NTA was used to track the sEV diameter and number of particles. To provide representative size distribution profiles, data obtained from NTA were averaged within each sample across the video replicates and then averaged across samples. These distribution profiles were normalized to the total nanoparticle concentrations.
Cell growth was determined using the Cell Counting Kit-8 Solution (Dojindo, Kumamoto, Japan). Briefly, astrocytes were plated into 96-well plates at a density of 1×104 cells per well. When the cells reached 60% confluence, they were pretreated with or without M2-sEVs (10 μg/mL) for 24 h. The cells were then subjected to OGD for 3 h and re-oxygenation for another 24 h. Thereafter, the culture medium was replaced with DMEM containing 10% CCK-8 solution, and cells were incubated for 2 h at 37 °C in 5% CO2. The absorbance at 450 nm was measured using a microplate reader (BioTek, Winooski, VT).
Astrocytes were plated into six-well plates at a density of 5×105 cells per well. When cells reached 90% confluence, they were pretreated with or without M2-sEVs (10 μg/mL). After 24 h of treatment, a scratch was made through the confluent monolayer using a sterile 200 μL plastic micropipette tip. Cells were washed twice with PBS and then subjected to OGD followed by re-oxygenation. The scratch gap area was viewed 24 h later under a microscope (Leica, Solms, Germany).
Results are presented as mean ± standard error of mean (SEM), and statistical comparisons were assessed using Student's t-test or one-way analysis of variance followed by the post hoc least-significant difference test. p <0.05 was considered significant, and GraphPad Prism 5 (GraphPad Software Inc.) was used for all statistical analysis.
To identify the characteristics of M2 BV2 cells induced by IL-4, we used immunostaining for Iba1, a microglial marker, CD206 and arginase, M2-polarized microglial marker. We found that BV2 cells expressed microglia-specific maker Iba1, CD206 and arginase were expressed in IL-4 induced BV2 cells, whereas expression was almost undetectable in control cells (Figure 1A-B). At the same time, we also used western blotting to detect CD206 and arginase expression in BV2 cells with or without IL-4 treatment. The results showed that CD206 and arginase were expressed at higher levels in IL-4 treated BV2 cells compared to those in the controls, suggesting that IL-4 successfully induced M2-polarized cells (Figure 1C).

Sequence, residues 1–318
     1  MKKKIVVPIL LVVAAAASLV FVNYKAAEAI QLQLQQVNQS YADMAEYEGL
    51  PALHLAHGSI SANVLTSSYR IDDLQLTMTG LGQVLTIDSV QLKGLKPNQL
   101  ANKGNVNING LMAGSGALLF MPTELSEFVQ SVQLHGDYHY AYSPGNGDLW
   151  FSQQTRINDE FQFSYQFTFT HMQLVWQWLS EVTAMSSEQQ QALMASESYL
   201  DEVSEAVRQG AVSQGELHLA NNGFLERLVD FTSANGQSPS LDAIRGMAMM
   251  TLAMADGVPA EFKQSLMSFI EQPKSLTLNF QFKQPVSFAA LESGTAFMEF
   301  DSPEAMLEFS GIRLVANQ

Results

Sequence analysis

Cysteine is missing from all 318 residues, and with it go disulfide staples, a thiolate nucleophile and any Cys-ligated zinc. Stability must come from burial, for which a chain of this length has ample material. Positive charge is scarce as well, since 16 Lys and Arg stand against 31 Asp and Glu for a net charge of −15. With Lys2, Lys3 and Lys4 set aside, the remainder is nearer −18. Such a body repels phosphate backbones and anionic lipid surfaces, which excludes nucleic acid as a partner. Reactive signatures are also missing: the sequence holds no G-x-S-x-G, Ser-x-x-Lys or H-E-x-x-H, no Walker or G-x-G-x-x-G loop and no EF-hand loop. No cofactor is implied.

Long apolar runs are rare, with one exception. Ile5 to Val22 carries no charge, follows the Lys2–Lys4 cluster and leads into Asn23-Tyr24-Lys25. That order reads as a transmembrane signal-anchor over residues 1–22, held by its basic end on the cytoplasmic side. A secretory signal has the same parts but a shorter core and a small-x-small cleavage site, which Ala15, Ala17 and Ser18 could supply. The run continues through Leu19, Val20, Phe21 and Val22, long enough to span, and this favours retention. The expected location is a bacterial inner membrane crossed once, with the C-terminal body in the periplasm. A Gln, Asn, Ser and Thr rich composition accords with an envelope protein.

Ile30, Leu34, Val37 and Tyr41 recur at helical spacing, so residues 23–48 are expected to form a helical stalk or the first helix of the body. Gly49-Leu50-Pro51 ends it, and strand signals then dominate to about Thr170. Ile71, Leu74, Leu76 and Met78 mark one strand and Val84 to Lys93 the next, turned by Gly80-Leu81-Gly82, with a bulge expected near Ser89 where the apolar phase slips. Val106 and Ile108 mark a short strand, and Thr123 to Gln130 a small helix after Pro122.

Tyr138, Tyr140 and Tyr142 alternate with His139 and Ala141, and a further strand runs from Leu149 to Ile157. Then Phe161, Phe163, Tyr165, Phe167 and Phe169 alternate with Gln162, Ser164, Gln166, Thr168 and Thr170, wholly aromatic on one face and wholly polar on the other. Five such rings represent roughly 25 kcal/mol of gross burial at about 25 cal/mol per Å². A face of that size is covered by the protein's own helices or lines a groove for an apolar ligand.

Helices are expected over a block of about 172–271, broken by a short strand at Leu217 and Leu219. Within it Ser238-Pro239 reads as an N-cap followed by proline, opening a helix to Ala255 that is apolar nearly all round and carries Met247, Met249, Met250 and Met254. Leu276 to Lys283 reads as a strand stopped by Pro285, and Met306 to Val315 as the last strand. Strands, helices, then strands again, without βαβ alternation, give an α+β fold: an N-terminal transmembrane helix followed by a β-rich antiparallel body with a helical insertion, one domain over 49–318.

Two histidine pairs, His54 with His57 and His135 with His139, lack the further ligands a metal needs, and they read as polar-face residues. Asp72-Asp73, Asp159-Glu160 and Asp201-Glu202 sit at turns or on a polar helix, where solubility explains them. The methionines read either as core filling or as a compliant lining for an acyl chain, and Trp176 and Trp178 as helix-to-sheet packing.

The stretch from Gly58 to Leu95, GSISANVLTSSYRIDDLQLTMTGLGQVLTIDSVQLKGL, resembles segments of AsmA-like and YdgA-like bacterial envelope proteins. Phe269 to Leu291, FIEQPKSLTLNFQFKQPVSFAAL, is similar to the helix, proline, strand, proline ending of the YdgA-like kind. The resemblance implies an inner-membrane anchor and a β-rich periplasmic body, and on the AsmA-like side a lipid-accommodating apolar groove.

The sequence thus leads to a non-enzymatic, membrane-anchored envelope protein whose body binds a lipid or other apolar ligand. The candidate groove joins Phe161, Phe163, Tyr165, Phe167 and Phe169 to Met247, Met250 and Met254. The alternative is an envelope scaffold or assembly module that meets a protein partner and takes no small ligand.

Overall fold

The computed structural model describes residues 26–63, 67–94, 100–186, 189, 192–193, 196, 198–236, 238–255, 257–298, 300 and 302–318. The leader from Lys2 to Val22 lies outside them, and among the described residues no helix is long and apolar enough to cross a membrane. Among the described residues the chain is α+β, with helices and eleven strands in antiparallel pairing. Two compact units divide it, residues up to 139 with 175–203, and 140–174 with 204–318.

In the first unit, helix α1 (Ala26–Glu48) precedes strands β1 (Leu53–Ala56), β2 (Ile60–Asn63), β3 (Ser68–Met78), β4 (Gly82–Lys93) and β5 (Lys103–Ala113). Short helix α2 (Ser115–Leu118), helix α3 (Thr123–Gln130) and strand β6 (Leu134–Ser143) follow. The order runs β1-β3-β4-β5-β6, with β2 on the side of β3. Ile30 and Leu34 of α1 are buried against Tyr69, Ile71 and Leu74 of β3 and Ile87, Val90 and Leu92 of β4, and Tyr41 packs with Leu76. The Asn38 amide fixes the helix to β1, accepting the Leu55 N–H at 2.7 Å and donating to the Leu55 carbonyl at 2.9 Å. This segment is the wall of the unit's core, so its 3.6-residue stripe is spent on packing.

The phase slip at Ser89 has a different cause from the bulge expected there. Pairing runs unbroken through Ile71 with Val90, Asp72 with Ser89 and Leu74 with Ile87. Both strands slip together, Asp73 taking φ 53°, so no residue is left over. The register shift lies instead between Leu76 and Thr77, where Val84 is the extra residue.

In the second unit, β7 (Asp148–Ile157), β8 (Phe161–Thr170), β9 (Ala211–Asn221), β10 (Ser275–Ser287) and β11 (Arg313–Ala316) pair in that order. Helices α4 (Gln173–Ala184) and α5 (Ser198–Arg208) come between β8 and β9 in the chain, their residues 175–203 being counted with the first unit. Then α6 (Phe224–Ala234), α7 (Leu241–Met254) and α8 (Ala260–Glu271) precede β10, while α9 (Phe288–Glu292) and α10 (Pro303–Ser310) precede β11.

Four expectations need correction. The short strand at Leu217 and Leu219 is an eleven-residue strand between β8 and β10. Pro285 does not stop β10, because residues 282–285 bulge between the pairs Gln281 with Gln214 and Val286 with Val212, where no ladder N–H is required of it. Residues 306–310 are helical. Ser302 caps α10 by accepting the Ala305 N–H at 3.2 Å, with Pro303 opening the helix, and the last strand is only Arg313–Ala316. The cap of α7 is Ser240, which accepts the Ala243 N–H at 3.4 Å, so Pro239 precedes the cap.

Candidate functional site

To examine the physical characteristics of M2-sEVs derived from M2 BV2 cells, we used TEM and NTA and found that the sEVs had a typical cup-shaped membrane vesicle morphology with a diameter of 30-120 nm (Figure 1D, 1F). Furthermore, we examined the sEV-specific markers TSG101 and CD63 in cells and sEV lysates using western blot analysis. TSG101 and CD63 were highly expressed in sEV fractions, while TSG101 levels were very low in cell lysates (Figure 1E).
Alterations in intermediate filament (IF) protein expression is a recognized feature of reactive astrogliosis. . In order to examine the effects of M2-sEVs on glial scar formation, we performed immunofluorescent staining of GFAP, a mature astrocyte IF protein, in ischemic mouse brains with or without M2-sEV treatment. The results showed that scar area and maximal scar thickness decreased in the M2-sEV group compared to that in the control group, suggesting that M2-sEVs could attenuate glial scar formation after ischemic stroke (Figure 2A-C).